New York Mets pitcher Tom Seaver poses for a photo in March 1968.
(AP Photo)

With the holidays approaching, Rich Coutinho digs up a New York Mets fan’s gift: a Tom Seaver interview involving 1969 and Gil Hodges.

It’s important to share and give with the holiday season approaching, and what better way to do that for the New York Mets fan with Tom Seaver audio? I wanted to share an interview I conducted with ESPN years ago that featured the greatest Met of all-time chatting about both 1969 and 1973 teams, as well as his connection with the great Gil Hodges.

To this day, Seaver is the greatest I have ever seen pitch here in New York. I know people will become terse with when it’s mentioned on social media, but he was a pitcher in every sense of the word, blending stuff with command and arriving on the scene when the Mets were desperate to put the comedy of their early years deep in the rearview history.

That 1969 team held a special place in the hearts of New Yorkers, something every Big Apple sports team has failed to match since. It also came at a time (much like today) when political views often clashed on an everyday basis. But the Mets were something everybody could reach out and grasp.

In a way, they reminded us of ourselves—far from perfect, but showcasing the commitment to work together for a greater, unthinkable goal.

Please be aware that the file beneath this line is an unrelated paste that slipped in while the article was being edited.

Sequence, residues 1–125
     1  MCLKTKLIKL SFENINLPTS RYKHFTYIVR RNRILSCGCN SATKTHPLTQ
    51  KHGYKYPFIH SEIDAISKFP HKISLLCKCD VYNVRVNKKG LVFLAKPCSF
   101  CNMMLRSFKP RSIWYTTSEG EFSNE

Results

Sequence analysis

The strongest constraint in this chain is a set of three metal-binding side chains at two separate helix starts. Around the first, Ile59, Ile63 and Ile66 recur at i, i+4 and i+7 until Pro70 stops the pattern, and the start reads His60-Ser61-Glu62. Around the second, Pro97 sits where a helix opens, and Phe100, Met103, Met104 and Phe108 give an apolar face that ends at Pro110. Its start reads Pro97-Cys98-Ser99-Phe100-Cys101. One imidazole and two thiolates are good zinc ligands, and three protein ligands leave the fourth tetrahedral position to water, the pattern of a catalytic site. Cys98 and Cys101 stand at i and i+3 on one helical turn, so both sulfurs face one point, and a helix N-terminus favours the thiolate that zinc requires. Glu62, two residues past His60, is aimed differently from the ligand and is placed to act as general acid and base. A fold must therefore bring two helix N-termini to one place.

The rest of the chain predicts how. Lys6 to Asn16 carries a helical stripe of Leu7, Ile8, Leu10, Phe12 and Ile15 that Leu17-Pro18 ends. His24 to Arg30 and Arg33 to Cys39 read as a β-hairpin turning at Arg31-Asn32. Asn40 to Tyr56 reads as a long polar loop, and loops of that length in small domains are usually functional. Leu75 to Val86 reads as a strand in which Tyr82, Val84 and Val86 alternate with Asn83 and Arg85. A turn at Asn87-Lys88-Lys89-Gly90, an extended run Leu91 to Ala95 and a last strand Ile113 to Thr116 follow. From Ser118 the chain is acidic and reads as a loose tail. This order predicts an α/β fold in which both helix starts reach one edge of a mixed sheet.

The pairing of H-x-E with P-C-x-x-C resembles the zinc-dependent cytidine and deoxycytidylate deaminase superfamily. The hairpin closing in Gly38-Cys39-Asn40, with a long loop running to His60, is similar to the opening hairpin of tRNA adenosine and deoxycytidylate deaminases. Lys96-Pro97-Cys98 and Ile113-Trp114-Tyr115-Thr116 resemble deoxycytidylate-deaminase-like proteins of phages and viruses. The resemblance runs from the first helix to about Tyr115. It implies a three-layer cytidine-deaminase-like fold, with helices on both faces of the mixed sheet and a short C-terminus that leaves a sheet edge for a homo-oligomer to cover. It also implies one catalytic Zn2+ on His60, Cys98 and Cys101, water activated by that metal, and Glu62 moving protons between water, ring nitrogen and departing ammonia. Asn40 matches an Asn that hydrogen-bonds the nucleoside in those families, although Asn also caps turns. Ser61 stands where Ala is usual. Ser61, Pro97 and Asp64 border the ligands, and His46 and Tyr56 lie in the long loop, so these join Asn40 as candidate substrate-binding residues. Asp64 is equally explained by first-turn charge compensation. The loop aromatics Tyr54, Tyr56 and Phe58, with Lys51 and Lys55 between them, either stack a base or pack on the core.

Whenever I spoke to Seaver, whether in a formal setting similar to this interview or just chatting while eating a pre-game meal in the Shea Stadium press box, I always learned something about pitching or about the game we all love. And when Tom Terrific talked about the great Gil Hodges, tears would often roll down his face due to the love and admiration he had for the great Met manager.

Tom is ill these days, but I certainly hope he can be at Citi Field for the unveiling of the statue in his name—something that has been long overdue.

Oftentimes, when driving to Citi Field, my phone’s GPS will announce I’ve arrived at Seaver Way; and, admittedly, a tear comes to my eye. Without the great No. 41, I would have never learned to love the great game of baseball as much as I do.

And entering the Hodges Gate every day seems mighty appropriate to me. I can start the day doing what I love: seeing the names of the two people who guided so many of us down that road.

Thanks, Tom and Gil.